Finally packed up and left Hollymount. We gave ourselves time for a 3 hour hike around Howth Head and a leisurely dinner luckily as around 20 miles from Dublin we realised that we had forgotten to bring the van and travel insurance documents. DOH!!
We had to go through the motorway toll before we could turn around and go back through it and do a 4 hour return trip to the toll again.
We managed a stroll on the beaches of Bull Island before the ferry so all was not lost.
I’m up early the next morning, out on deck of the ferry as we approach Liverpool, desperate for a look at Antony Gormley’s Iron Men statues standing in formation in the sands of Crosby as the sea envelops them.
I think I see them in the distance but then the docks are upon us and after Dublin they are very impressive. It takes us over an hour to make our way to the berth so after we disembarked at 6.30 there was no time to see the Men from close quarters as we had a nephew his wife and their new born baby to visit in Sheffield before they had to go out at 10.
So I programmed my new navigator friend “Serena” with the address and she skilfully led us through the complex motorway systems of Liverpool and Manchester which were an early rush hour shock to us country bumpkins. Clearing the commuter crush we had a glorious drive over the Peak District looking it’s best in the sun. It seemed like summer had arrived at last on the first day of our trip and with what looked like a full moon over the ocean last night the signs were auspicious. Luckily there was a diversion (!) so we were forced to experience more of the lovely countryside before coming down rapidly into Sheffield where our visit with the new family was all too brief.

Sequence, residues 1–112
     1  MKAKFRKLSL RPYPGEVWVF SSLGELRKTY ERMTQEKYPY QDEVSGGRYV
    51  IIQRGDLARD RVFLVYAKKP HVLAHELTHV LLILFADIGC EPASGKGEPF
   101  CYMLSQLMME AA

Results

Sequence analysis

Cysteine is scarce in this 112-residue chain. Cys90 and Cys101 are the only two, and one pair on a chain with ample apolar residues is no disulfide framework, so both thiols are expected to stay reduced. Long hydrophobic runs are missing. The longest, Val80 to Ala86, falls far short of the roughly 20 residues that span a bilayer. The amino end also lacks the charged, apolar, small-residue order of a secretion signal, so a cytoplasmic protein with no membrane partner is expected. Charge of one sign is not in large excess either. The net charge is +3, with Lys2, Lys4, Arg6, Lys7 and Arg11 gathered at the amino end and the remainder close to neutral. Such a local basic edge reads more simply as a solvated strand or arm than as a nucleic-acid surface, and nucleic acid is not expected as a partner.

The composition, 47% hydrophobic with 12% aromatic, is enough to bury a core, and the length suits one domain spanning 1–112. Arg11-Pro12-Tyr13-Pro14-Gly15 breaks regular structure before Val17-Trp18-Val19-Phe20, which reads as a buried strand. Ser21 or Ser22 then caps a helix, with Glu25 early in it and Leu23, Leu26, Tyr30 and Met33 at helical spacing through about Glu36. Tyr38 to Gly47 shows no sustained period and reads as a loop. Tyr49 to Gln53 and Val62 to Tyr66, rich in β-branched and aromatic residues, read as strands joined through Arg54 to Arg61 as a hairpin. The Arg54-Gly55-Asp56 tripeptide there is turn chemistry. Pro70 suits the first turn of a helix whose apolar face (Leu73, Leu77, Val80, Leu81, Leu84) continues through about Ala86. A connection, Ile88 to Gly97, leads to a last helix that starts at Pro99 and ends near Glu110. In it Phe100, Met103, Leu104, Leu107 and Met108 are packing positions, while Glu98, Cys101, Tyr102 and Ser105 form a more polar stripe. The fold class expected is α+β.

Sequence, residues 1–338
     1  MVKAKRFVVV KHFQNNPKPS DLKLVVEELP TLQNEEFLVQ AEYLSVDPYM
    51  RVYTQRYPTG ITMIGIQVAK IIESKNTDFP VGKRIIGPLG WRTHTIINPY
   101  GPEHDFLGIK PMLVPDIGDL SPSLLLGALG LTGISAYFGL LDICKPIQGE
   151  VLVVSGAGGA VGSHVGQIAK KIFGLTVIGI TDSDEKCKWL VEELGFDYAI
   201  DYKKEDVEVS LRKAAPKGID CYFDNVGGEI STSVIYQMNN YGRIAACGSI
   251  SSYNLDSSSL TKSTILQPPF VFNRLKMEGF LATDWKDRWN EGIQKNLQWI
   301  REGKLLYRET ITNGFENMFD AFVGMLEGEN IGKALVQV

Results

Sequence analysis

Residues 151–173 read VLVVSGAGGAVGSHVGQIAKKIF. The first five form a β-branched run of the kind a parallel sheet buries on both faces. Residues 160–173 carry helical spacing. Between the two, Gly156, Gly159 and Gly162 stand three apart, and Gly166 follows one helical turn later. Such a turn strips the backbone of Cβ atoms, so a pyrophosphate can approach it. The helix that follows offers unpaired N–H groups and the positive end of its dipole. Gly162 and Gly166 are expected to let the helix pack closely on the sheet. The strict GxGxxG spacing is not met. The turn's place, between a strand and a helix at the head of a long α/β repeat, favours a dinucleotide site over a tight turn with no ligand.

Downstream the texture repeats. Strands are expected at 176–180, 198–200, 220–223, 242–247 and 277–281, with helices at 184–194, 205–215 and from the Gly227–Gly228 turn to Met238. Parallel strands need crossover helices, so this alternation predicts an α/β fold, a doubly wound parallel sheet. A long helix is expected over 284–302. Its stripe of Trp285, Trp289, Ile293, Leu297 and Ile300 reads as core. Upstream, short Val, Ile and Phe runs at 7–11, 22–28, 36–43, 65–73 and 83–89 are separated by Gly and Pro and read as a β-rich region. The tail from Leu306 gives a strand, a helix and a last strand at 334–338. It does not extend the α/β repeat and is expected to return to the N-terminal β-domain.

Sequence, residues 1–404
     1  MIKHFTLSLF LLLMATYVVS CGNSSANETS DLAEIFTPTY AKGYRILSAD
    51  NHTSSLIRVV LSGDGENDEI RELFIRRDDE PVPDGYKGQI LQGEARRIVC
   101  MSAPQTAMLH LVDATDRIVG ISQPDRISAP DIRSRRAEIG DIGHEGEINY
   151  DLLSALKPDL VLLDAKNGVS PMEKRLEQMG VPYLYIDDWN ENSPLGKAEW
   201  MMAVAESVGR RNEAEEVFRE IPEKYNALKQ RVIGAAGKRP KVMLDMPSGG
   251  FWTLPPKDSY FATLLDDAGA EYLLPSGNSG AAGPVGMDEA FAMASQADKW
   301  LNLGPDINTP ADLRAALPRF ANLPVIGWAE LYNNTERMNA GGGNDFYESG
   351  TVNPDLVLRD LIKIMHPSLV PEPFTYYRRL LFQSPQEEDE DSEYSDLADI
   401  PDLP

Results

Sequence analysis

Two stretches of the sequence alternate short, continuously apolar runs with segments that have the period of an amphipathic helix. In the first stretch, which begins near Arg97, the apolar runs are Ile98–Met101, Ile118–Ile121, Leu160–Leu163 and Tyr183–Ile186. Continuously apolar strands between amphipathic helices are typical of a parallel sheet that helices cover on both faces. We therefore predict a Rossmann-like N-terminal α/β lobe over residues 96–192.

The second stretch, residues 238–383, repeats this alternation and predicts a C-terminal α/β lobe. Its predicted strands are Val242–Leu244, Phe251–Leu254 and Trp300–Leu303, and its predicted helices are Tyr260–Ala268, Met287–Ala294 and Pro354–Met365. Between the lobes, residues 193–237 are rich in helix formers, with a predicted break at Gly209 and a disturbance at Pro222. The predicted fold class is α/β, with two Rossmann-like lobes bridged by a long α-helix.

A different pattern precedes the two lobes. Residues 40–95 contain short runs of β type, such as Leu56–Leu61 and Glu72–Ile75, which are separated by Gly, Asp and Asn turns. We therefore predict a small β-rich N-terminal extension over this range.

With the day free before the ferry from Hull we headed back up Ringinglow Road to Fidlers Elbow to hike along Strange Edge to Crow Chin … and not just because we loved the names !
This area is the birthplace of hiking in the hills with the first mass trespass happening at Kinder Scout. Close to a huge urban population looking for free and healthy recreation the Peak District gets a lot of visitors and paths are often stone paved to relieve erosion.
They also come for the climbing, the gritstone rock securing trusted grip on the sheer cliff faces and there were plenty helmeted folk at it.
The bottoms of the cliff were strewn with mill stones carved from the rock and some of the slabs above had been cut to collect water, maybe to facilitate the sharpening of tools (?).
The views along the Edge were lovely so we continued to the trig point before heading down into the valley for that British tradition “the pub lunch ”
Fortified with sausage and mash and a pint we did another looped walk on some of the multitude of public footpaths that crisscross Britain before heading east again through flatter lands to Hull and the ferry.
Another calm night and flat sea made for a good sleep in our dark and windowless cabin so we were passing through the first sea defences when I got on deck for a look around at Rotterdam.
Then we cruised deeper and deeper into the warren of waterways past a wealth of industry. The Dutch have been a great sea going nation for centuries and it seemed their ports are still mighty powerhouses.
There had been a party of scooter riders on board and we joined them in the queue for customs. There were dozens of them, some of whom were off to a big meet in Croatia. Fair play to them.
After dog ablutions and routine van maintenance we asked Serena to guide us to a wetland National Park, the Biesbosch, about 100km away.
She got us to the nearest town, my first in Holland, and it seemed really quaint in an indescribably Dutch way. Neat and tidy, organised and very cycle friendly…and scooter friendly.
We got a map of the park and were soon walking on raised canal and river banks through a lush landscape of grass and grain with tree lined path and roadways.
Sea defences are everything here and there is a whole programme of building up the dykes going on everywhere.
It was hot and not wanting to walk on a building site we headed deeper into the park for a swim in one of the multitude of waterways to cool off.
There were some lovely riverside park ups so we knew it wasn’t going to be a problem finding somewhere to stay with a view. We continued on to explore another area of the wetland where they were building an earth covered museum and had some land art.
We discovered an area of willow growing and coppicing where they have been making structures of all kinds
With the temperature and humidity rising we found a nice park up where we could watch the barges plying their trade up and down the river and went to bed with lightening flashes and rumbling thunder.